Greetings to all from the rainy, cool, misty redwoods -- weather which descended upon us yesterday and appears to want to hang around for awhile. No complaints (well, actually I'm whining a bit from wet shoes) because this is the norm. The wonderful, warm, sunny days of this past month have not been the norm, although they were much appreciated.
Including today, and Sunday (when I'll be gone most of the day), I have five more days here. And I've been here 4 weeks as of today. I'm so glad I came -- for so many reasons. I am so deeply honored and pleased to have Ayya Sobhana as a dear friend as well as mentor, and I'm glad to have been able to help her during this time, and to have such a wonderful opportunity to work and live closely with her on a daily basis. I had a friend visit for a few days and he commented over and over that 'this is not easy', meaning the general life here. And he's right. It's not easy and I didn't expect that it would be easy. Everything is in transition -- an outdoor kitchen under a canopy, the refrigerator around the corner, the pantry and ice box (literally) are across the way. The kutis are far from everything else so you don't want to forget something when you come down the hill of a morning. Or when you go back up the hill of an evening.
For the first 3 weeks or so none of this mattered to me -- I was happy and content and could see my life here easily and comfortably (more or less comfortably). I wanted to stay, intended to return. I'm not sure what made the difference, but for the past few days I've been dis-spirited, going through the motions, looking inside (not as deeply as I would like, but inside nevertheless), doing what I know to do, but somehow it's really not helping. Or, not helping enough, at any rate.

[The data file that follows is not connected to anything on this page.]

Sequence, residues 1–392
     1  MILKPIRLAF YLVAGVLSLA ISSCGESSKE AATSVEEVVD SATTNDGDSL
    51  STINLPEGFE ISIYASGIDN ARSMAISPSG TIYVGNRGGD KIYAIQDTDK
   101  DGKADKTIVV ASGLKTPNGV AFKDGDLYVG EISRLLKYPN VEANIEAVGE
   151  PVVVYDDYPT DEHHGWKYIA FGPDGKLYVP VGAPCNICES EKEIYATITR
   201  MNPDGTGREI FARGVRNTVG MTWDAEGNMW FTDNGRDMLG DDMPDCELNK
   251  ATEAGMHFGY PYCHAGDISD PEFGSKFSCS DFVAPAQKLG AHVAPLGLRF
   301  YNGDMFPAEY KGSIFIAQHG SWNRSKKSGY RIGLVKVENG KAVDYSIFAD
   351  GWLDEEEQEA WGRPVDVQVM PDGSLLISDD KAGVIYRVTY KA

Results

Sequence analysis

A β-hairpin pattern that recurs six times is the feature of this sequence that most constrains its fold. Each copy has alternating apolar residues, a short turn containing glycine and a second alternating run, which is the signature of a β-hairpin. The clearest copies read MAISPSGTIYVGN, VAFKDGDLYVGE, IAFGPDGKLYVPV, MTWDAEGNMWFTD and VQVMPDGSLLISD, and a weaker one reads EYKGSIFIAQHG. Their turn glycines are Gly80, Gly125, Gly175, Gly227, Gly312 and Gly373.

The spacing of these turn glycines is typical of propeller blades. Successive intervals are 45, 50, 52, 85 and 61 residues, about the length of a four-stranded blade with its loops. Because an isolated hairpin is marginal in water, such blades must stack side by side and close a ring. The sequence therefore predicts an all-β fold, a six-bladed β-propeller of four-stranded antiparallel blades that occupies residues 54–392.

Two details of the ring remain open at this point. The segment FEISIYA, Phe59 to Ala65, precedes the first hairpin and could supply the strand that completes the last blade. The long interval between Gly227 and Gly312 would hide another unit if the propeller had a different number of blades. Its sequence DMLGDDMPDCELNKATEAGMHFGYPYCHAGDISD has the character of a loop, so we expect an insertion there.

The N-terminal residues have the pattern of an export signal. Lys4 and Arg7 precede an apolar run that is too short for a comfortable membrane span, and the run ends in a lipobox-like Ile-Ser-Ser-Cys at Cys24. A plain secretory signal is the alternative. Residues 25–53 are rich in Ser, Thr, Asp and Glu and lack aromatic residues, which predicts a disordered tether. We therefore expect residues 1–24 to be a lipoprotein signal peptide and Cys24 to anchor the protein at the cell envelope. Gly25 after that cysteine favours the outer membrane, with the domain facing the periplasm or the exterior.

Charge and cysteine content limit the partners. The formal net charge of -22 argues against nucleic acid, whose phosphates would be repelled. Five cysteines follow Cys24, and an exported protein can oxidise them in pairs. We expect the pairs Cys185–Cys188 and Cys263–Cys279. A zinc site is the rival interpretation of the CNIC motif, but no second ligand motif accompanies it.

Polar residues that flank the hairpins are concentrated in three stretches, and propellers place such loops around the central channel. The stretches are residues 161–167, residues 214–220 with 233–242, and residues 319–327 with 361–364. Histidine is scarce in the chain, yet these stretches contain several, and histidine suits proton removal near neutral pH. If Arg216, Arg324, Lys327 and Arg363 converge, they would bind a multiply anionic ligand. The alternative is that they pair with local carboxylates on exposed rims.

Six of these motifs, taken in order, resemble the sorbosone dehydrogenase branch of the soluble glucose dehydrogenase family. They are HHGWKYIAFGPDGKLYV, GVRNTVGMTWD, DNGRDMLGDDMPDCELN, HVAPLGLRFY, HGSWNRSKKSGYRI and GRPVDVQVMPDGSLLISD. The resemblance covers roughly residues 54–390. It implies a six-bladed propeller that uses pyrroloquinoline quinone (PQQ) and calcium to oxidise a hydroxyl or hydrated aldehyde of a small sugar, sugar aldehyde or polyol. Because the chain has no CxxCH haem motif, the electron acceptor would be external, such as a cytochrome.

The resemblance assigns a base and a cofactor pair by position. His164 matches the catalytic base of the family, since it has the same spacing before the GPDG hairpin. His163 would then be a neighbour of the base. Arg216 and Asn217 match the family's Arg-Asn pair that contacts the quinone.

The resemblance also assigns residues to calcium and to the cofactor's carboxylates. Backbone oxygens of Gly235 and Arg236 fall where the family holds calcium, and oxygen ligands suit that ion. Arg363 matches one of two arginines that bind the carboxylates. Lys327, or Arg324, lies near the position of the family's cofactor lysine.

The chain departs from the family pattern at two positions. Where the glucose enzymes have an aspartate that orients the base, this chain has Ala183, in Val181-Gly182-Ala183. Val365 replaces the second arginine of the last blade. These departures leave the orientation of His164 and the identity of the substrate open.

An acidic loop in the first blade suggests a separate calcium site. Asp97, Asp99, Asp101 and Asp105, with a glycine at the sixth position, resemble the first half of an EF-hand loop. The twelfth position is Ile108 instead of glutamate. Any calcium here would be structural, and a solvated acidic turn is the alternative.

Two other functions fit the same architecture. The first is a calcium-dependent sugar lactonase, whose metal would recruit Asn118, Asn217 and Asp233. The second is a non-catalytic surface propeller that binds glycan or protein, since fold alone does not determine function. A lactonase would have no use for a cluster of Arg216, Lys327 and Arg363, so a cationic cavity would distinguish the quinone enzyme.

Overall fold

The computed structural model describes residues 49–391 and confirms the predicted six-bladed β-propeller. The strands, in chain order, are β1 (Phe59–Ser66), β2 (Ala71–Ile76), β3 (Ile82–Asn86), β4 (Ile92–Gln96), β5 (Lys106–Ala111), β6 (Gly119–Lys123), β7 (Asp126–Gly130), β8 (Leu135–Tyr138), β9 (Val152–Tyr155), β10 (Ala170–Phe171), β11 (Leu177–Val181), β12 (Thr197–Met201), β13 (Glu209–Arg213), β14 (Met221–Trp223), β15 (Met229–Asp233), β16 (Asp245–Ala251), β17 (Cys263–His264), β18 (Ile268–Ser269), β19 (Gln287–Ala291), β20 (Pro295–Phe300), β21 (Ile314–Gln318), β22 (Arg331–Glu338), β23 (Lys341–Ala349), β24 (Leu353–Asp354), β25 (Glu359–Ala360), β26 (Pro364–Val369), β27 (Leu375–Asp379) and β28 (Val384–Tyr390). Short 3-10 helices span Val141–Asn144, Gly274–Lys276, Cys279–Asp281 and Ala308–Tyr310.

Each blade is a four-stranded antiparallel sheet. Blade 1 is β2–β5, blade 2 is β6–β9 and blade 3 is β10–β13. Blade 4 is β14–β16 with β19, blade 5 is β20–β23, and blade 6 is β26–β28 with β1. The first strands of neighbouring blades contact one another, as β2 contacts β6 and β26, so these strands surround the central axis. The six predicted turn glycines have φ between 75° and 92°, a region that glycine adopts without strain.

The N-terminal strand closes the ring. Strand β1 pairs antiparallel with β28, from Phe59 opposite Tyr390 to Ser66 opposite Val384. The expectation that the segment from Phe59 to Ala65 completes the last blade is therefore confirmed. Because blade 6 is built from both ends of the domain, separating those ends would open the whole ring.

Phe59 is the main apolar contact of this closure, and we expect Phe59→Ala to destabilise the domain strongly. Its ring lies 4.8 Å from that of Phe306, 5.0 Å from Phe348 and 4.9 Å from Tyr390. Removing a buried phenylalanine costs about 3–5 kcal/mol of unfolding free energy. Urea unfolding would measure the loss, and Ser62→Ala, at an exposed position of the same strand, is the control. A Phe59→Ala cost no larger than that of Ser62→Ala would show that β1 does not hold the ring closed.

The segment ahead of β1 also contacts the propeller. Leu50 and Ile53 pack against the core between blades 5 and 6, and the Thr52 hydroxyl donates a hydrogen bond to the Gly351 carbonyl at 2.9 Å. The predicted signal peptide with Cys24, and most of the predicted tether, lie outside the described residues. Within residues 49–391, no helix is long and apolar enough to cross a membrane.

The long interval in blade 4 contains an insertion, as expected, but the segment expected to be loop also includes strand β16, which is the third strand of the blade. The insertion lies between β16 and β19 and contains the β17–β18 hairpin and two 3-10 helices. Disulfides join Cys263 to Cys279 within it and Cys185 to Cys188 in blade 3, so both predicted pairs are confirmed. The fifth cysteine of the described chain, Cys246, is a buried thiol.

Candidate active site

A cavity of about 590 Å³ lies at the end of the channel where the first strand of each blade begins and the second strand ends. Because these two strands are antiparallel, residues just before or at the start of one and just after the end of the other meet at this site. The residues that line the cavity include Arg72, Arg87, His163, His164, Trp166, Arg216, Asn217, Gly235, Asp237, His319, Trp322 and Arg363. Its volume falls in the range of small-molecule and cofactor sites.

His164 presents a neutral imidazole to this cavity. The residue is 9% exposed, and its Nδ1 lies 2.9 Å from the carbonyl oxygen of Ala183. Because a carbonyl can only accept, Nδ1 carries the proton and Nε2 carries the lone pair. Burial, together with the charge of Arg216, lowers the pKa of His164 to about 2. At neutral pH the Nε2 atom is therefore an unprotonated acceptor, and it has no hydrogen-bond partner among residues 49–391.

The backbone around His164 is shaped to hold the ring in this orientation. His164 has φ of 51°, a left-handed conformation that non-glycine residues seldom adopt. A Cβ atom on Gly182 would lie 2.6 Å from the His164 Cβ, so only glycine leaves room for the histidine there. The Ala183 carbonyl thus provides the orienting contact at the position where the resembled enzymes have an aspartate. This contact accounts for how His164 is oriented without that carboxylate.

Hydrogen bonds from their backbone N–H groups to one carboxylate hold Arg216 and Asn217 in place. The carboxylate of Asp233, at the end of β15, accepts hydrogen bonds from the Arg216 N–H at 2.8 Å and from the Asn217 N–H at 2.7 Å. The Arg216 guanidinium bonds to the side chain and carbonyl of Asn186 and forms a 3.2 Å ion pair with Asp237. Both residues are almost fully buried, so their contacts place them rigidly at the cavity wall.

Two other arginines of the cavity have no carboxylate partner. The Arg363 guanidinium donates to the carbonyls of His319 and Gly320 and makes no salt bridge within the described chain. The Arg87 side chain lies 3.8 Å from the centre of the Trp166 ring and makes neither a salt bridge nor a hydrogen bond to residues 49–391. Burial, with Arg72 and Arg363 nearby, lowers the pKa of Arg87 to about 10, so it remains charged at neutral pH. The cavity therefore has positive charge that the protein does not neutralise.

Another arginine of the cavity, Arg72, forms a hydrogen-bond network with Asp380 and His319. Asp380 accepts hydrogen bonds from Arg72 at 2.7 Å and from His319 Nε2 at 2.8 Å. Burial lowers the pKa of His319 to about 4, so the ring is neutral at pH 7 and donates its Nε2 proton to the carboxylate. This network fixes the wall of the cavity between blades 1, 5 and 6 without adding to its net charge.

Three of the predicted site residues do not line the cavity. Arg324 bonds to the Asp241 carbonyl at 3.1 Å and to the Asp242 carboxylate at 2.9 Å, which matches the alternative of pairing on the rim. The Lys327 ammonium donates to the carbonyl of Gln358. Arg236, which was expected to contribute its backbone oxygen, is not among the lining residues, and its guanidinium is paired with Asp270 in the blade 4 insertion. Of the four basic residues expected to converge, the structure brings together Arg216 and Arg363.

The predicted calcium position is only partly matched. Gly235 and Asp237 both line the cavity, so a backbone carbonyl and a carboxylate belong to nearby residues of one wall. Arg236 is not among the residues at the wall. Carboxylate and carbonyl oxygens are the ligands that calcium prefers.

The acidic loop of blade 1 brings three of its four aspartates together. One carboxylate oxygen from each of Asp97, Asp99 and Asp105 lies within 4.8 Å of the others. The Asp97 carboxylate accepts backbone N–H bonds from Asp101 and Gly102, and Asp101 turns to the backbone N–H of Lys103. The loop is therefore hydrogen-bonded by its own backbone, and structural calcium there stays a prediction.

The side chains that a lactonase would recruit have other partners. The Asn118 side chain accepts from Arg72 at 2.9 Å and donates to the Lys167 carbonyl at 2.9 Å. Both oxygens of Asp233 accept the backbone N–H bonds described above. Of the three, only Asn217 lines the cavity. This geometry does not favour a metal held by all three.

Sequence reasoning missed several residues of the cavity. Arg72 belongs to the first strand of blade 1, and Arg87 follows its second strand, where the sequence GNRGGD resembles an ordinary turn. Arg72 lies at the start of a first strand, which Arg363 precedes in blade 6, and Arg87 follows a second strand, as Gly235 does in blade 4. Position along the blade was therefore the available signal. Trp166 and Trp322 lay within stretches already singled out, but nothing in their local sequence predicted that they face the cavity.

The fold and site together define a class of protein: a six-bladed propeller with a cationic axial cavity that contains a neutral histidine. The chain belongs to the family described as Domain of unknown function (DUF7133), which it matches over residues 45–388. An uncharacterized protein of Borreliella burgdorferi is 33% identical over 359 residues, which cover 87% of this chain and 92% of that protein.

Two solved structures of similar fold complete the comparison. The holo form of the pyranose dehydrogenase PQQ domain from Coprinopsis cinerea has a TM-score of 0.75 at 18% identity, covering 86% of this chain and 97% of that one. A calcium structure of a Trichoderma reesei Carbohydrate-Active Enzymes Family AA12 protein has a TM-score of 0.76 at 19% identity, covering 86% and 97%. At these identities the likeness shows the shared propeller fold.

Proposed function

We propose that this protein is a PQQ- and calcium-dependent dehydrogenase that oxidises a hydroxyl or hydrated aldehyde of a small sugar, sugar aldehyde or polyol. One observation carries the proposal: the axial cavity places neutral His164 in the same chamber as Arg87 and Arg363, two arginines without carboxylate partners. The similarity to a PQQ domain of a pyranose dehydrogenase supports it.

I'd already considered contacting the monastery in Austin to see if there was a chance I could still be useful there -- and then this morning a surprise email from them to see if I would be interested in returning there to teach English to foreign monks in a contemplative environment. Warm kuti, private bath, internet and electricity. Warm weather. Short walks to everything. And once the construction is completed, a good teaching atmosphere. It seems almost providential. And yes, it's something I will consider and consider closely.
Ayya, in her goodness and kindness, has helped to connect me with a woman in Sacramento who is actually going to come here and cook for her for a few days after I leave. I met her a few weeks back at the opening of the vihara in Santa Rosa. All that is background -- she and some friends from Sacramento are going to offer lunch dana to Pa Auk Sayadaw at his residence on Sunday, and Ayya suggested I go with them! The name may not mean much to most of you, but in the Theravadan Buddhist world, he is one of the greatest living teachers, also the teacher of my teacher, Sayalay Susila. There are no words to describe how much it means to me to sit in his presence, listen to his wisdom for just one time. He's old, and his health is not good, and even if that were not the case there may not be another time when I will be so near him and have an opportunity to meet him. So that's what I'll be doing on my last day in California.
About time to go start preparing lunch -- Ayya is still good and dear to me, weather notwithstanding, and she needs food (as do I).
A work in progress
4 months ago